The New Jersey Pension Fund's assumed rate of return has been reduced to 7% from 7.65% by state Treasurer Ford M. Scudder, the second rate cut he has enacted this year.
The reduction was announced Tuesday to board members of the seven pension systems that are part of the $76.6 billion New Jersey Pension Fund, Trenton, confirmed Willem Rijksen, a Treasury Department spokesman.
"The 7% assumed rate of return is effective with the June 30, 2017, actuarial valuations," which will be used for determining the pension contributions for fiscal year 2019, starting July 1, 2018, Mr. Rijksen wrote in an email.
Mr. Scudder had cut the rate to 7.65% from 7.9% in February 2017.
"Given the current elevated level of asset values across the board, long-run expected returns have diminished, so it is appropriate to lower the assumed rate of return," Mr. Rijksen wrote. "Our actuaries have suggested doing so, and it is the unmistakable trend in public pension plans across the country."
Mr. Rijksen added that the need to reduce the assumed rate of return "is especially true in light of the promises of the governor-elect to eliminate alternative investments from the pension fund, as they have been and are expected to be a major source of added return."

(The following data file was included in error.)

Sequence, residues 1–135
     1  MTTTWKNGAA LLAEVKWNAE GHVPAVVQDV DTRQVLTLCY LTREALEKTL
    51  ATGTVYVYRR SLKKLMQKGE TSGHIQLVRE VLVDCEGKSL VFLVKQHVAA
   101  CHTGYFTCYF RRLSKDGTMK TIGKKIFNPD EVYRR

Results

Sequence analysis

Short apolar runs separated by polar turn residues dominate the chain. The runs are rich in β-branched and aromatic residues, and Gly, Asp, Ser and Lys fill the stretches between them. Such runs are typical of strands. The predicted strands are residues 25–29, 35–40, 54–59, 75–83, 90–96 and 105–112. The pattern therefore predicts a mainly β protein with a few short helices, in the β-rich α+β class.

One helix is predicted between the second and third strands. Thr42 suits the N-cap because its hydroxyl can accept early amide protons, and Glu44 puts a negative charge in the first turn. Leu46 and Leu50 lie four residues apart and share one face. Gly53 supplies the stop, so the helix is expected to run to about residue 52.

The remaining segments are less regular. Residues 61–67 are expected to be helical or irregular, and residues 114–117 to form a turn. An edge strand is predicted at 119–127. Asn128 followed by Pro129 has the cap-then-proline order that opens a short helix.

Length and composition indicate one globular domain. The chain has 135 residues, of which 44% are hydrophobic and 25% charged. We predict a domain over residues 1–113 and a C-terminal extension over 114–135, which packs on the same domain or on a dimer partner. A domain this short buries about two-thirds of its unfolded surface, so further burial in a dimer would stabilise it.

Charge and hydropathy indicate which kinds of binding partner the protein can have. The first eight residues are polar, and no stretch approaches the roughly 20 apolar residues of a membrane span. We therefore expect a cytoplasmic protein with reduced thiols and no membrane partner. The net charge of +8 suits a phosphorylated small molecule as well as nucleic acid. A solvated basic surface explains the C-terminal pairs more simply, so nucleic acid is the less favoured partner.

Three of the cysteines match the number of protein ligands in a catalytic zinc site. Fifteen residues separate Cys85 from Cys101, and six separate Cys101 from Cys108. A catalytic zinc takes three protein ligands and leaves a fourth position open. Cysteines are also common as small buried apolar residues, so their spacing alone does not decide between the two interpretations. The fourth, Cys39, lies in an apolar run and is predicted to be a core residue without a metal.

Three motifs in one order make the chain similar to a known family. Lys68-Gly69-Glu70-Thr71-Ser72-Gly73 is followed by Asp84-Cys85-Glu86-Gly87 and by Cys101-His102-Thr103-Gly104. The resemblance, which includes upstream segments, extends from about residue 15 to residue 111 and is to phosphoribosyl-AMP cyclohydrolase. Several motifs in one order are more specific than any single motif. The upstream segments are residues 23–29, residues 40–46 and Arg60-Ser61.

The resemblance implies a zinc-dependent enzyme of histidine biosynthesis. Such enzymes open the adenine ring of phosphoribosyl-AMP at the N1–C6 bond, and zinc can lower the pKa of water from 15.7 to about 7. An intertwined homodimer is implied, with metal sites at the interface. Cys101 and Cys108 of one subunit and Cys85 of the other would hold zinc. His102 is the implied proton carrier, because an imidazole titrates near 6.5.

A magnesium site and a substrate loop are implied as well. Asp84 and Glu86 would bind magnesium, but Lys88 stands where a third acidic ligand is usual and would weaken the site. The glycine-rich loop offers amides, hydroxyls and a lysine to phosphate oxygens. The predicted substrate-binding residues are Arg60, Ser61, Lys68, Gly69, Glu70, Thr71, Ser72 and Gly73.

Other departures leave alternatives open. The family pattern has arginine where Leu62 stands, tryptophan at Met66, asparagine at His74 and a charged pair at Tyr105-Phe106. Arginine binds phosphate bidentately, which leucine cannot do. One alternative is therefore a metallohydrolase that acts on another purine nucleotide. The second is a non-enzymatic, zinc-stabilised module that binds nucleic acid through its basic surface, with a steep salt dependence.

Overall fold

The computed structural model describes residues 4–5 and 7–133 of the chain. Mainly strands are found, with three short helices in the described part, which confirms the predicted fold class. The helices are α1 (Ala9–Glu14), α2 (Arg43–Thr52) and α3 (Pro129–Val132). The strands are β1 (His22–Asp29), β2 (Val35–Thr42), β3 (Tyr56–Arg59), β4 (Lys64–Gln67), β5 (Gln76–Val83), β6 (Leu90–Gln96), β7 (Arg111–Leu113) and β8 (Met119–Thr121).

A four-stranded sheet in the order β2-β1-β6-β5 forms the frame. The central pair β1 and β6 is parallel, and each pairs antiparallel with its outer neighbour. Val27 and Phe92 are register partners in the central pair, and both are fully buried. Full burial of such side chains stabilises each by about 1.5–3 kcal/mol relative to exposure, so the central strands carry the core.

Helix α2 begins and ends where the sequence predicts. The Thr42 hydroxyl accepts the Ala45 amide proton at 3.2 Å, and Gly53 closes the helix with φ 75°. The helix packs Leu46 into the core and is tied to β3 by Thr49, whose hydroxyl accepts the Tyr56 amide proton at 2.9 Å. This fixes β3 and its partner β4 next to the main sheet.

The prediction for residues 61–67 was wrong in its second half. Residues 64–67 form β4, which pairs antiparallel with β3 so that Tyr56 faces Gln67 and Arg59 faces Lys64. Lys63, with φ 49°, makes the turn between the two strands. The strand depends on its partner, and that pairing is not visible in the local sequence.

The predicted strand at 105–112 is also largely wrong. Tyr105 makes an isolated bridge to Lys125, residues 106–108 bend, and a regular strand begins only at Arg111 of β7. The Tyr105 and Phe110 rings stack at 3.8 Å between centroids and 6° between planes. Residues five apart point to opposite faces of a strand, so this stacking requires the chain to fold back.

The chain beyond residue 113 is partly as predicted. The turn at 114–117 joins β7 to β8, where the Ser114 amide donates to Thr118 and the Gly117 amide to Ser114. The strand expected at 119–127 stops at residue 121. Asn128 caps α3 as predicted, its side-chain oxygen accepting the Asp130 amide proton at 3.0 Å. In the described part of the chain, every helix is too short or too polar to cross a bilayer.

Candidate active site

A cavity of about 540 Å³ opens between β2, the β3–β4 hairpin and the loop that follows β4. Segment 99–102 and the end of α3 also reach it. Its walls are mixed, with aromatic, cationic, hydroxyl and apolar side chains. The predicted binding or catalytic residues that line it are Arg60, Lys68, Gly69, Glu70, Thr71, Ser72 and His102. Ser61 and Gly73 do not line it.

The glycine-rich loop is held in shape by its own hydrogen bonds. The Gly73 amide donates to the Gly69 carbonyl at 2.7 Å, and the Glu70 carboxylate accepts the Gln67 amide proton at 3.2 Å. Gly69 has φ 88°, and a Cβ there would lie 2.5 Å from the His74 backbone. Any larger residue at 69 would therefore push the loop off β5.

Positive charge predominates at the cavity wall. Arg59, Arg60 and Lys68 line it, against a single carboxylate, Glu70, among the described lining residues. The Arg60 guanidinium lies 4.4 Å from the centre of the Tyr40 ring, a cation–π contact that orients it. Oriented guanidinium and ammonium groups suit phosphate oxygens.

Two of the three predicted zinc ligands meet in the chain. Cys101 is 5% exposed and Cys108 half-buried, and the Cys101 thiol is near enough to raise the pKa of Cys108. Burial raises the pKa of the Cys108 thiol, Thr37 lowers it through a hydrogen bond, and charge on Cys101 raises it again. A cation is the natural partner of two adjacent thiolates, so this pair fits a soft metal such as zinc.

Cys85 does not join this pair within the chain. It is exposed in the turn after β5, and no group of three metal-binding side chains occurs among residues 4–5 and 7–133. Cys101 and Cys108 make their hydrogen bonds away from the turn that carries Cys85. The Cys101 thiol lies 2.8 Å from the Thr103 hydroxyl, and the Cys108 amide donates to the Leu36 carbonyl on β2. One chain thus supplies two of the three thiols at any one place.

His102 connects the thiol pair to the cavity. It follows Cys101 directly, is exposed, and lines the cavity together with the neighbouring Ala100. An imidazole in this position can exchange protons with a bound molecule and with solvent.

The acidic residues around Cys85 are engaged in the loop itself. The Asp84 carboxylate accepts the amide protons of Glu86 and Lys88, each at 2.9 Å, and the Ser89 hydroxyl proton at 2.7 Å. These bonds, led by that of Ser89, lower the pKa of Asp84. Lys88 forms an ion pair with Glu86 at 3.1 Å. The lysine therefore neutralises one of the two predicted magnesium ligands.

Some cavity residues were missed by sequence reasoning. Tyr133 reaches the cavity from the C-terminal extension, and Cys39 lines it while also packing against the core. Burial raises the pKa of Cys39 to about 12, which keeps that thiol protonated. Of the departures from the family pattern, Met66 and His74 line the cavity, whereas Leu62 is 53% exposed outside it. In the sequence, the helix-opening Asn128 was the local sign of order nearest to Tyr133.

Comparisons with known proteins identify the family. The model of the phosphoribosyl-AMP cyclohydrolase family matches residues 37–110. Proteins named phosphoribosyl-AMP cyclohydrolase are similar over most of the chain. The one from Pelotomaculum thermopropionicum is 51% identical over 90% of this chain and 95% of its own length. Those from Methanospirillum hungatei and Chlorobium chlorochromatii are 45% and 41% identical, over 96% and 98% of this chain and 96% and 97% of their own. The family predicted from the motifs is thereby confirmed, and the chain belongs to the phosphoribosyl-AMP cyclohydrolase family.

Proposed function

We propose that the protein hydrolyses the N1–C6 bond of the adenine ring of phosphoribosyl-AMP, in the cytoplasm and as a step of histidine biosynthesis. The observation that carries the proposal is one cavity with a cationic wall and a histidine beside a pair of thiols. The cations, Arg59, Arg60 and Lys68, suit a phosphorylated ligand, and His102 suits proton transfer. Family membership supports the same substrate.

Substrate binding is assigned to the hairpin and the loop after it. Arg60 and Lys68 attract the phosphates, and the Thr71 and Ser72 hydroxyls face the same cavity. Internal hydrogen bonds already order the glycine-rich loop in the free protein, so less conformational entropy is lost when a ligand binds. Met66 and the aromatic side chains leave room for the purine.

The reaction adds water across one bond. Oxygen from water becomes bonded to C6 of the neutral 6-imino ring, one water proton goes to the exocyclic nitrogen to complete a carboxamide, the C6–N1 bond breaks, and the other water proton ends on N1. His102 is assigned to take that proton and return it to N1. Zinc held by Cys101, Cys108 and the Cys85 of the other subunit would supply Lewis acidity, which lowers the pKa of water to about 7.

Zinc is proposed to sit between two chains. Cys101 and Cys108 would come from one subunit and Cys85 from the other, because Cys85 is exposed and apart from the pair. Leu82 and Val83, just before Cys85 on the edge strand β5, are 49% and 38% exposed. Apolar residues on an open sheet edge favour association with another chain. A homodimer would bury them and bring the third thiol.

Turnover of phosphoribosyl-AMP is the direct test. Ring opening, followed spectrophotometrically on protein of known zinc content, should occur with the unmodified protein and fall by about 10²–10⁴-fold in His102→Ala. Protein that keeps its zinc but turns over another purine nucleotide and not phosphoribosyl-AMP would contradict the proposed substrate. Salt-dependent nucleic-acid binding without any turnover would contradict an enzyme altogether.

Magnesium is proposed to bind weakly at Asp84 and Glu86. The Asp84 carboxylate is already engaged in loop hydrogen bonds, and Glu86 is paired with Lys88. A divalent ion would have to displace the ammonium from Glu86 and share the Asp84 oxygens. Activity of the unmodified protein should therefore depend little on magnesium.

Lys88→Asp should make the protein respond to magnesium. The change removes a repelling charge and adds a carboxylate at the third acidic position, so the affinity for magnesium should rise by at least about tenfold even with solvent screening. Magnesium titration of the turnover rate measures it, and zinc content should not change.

He was referring to Gov.-elect Phil Murphy's criticism of the division of investment's investing strategy for the New Jersey Pension Fund. In his campaign platform, Mr. Murphy said the pension fund should "divest from private equity and hedge funds," adding that "these investments have cost us hundreds of millions in fees while delivering only middling results."
The division of investment, a unit of the Treasury Department, has been cutting its allocation to hedge funds from 12.5% at June 30, 2016, to a goal of 6% by Dec. 31, 2018.
For the three years ended June 30, 2017, the overall pension fund's annualized return was 5.25%. Of the five asset categories that outperformed the total fund, four were alternative investments — buyouts/venture capital, real estate, global diversified credit and debt-related private equity.
For the 12 months ended June 30, 2017, the overall return was 13.07%. Two of the five categories topping the overall return were alternative investments — equity-oriented hedge funds and global diversified credit.
Reducing the assumed rate of return "is an issue the treasurer has studied in consultation with the directors of the divisions of investment and pensions and benefits, as well as the chairman of the State Investment Council, for the past two years," Mr. Rijksen wrote.